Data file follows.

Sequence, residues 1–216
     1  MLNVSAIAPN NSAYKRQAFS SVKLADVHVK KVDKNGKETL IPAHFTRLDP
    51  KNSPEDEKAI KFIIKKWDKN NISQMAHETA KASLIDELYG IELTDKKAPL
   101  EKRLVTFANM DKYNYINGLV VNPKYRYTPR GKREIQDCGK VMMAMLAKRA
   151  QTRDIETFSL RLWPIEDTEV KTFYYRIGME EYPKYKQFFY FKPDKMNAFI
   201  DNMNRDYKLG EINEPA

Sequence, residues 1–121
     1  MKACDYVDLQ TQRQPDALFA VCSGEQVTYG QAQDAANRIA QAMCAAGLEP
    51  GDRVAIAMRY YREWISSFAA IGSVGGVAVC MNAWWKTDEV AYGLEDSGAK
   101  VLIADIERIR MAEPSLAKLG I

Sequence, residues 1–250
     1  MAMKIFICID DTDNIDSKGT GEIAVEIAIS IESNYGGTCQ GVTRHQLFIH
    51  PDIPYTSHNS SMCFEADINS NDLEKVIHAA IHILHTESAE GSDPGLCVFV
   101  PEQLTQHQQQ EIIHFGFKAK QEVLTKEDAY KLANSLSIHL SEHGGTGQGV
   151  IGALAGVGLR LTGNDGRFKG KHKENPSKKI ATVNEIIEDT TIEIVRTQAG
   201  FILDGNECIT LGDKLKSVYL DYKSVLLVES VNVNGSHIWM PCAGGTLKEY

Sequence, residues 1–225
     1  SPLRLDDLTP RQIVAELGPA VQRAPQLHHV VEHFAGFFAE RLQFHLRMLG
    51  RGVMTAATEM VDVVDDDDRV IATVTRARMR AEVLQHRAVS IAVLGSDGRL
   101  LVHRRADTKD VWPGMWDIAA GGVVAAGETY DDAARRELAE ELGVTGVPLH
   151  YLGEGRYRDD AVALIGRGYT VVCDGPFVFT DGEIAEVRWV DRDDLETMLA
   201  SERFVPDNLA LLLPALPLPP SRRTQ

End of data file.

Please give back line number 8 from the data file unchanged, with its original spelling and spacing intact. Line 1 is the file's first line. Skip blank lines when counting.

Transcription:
     1  MKACDYVDLQ TQRQPDALFA VCSGEQVTYG QAQDAANRIA QAMCAAGLEP